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Comparison of phytoplankton communities in catfish split-pond aquaculture systems with conventional ponds

Kevin K. Schrader, Craig S. Tucker, Travis W. Brown, Eugene L. Torrans, Gregory N. Whitis
North American Journal of Aquaculture 2016 v.78 no.4 pp. 384-395
Bacillariophyceae, Chlorophyta, Chrysophyceae, Cryptophyceae, Euglenozoa, Microcystis aeruginosa, Miozoa, Phaeophyceae, Planktothrix agardhii, Planktothrix perornata, ammonia, aquaculture systems, biomass, catfish, chlorophyll, commercial farms, community structure, dissolved oxygen, farmed fish, farmers, fish culture, fish industry, fish waste, phytoplankton, ponds, water flow, water quality, Alabama, Mississippi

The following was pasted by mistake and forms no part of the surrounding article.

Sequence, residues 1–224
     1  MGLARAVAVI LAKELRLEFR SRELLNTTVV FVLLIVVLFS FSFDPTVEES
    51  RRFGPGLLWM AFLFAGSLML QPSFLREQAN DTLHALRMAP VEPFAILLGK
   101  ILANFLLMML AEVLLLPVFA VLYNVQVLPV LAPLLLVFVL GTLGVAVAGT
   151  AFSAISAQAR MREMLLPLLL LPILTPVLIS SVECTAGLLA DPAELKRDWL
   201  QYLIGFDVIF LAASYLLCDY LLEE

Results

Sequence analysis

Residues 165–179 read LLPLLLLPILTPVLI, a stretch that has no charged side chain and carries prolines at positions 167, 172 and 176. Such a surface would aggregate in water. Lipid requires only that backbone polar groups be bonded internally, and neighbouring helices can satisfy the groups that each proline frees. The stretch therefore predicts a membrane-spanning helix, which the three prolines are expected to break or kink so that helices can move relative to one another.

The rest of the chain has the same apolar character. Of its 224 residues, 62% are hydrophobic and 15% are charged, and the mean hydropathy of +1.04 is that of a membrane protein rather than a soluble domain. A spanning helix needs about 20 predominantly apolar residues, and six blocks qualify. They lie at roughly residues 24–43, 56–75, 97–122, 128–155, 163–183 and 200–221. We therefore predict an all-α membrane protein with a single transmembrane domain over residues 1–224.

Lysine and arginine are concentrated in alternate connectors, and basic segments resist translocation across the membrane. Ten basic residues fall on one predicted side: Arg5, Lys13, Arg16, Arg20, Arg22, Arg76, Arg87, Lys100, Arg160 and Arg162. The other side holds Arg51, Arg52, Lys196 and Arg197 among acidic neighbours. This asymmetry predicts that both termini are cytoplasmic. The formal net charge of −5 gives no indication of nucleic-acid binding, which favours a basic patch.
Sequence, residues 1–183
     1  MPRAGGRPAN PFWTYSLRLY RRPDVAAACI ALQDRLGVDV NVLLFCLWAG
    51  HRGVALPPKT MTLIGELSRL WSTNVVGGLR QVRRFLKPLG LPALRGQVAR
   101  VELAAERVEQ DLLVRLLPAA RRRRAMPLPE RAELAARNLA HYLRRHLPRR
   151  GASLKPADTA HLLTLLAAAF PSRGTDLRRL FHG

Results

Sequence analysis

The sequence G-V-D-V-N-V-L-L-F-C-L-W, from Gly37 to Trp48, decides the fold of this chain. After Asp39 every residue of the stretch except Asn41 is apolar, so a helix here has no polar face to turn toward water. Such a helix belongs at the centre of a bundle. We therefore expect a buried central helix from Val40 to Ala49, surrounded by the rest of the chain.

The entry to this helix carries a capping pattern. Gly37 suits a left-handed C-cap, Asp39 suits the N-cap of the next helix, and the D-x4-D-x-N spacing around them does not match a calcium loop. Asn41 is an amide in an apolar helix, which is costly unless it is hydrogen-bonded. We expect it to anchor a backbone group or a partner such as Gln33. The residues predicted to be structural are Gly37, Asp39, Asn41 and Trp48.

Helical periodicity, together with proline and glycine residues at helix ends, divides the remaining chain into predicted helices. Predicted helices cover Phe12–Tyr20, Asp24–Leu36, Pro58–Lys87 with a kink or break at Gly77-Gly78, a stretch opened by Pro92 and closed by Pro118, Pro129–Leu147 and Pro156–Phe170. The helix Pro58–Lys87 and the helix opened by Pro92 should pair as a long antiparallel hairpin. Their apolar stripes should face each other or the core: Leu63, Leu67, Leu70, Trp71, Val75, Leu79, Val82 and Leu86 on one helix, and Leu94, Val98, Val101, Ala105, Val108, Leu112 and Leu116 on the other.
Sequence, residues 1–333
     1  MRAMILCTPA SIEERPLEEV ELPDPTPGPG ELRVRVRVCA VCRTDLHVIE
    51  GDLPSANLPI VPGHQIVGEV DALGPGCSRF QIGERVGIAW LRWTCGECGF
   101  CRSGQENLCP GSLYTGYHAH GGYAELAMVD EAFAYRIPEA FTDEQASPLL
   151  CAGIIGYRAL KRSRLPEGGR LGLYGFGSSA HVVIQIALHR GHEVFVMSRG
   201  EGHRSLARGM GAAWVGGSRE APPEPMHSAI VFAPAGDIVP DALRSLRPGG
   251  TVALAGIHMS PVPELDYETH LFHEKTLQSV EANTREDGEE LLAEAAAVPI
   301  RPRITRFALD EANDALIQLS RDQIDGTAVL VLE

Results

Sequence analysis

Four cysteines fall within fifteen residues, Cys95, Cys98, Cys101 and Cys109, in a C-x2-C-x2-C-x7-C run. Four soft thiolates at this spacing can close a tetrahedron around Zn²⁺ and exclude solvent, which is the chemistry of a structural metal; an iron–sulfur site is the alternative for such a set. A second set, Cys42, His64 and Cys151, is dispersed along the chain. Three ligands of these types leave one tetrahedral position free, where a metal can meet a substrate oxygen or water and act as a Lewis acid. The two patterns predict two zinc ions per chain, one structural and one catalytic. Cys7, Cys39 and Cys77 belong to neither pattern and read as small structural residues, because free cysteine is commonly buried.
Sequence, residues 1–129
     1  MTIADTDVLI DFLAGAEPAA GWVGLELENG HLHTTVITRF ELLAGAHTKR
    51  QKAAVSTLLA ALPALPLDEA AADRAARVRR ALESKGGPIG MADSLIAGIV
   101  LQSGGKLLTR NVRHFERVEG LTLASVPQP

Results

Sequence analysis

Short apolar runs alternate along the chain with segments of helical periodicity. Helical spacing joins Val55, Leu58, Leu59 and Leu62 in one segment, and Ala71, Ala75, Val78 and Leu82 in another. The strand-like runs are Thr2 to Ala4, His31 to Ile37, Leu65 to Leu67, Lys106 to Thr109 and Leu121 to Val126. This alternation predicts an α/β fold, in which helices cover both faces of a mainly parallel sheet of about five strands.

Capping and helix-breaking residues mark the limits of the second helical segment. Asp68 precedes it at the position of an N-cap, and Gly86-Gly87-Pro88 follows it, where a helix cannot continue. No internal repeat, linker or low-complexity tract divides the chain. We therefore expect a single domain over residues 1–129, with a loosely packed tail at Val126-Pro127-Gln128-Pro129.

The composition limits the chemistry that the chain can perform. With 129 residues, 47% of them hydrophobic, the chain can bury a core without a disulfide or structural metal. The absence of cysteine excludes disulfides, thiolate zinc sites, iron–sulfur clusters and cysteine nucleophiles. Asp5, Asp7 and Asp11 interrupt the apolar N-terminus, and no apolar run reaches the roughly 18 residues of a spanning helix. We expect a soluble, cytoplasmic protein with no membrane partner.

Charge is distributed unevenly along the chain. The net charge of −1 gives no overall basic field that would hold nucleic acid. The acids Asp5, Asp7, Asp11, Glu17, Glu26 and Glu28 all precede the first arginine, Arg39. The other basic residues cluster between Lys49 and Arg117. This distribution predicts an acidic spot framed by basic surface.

There has been a growing interest and use of variations of partitioned aquaculture systems (PAS) in recent years by the southeastern United States of America farmed catfish industry. Split-pond systems, one type of PAS, are designed to better manage fish waste byproducts (e.g., ammonia) and dissolved oxygen levels than the conventional earthen ponds that have been utilized by farmers for many decades. Recent studies have focused on design, water flow rates, and other management areas of catfish split-ponds, but there has so far not been a focused examination of phytoplankton community composition and biomass in these split-ponds. In the current study, pond water samples were collected from split-ponds at a research facility in west Mississippi and at a commercial farm in west Alabama approximately every three weeks during the fish grow-out period (May to November). Water samples were analyzed for chlorophyll a concentration (phytoplankton biomass) of several major phytoplankton divisions and for types of phytoplankton and their abundance. Overall, chlorophyll a concentrations in the split-ponds were maintained within the typical range (0-800 µg/L) found in non-PAS (conventional) catfish ponds. The phytoplankton communities in split-ponds were dominated by cyanobacteria or blue-green algae (Cyanophyta) and by the same common species of cyanobacteria (e.g., Planktothrix agardhii, Planktothrix perornata, Microcystis aeruginosa, Raphidiopsis brookii) reported in previous studies for conventional catfish ponds. In addition, many types of phytoplankton in the other major divisions [Chlorophyta (green algae), Bacillariophyta (diatoms), Chrysophyta (golden brown algae), Cryptophyta (cryptomonads), Euglenophyta (euglenophytes), and Pyrrhophyta (dinoflagellates)] present in the split-ponds were the same as those reported previously in conventional catfish ponds. Therefore, issues related to management practices for pond water quality (e.g., dissolved oxygen) and undesirable cyanobacteria are expected to be similar as those used for conventional ponds.